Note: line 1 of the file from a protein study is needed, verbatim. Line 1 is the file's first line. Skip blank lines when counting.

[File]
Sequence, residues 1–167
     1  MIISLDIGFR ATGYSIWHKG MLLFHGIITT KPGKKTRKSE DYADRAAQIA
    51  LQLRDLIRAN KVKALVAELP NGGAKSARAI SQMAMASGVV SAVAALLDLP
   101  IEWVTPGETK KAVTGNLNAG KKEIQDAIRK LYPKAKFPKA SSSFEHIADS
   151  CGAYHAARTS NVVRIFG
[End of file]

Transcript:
Sequence, residues 1–167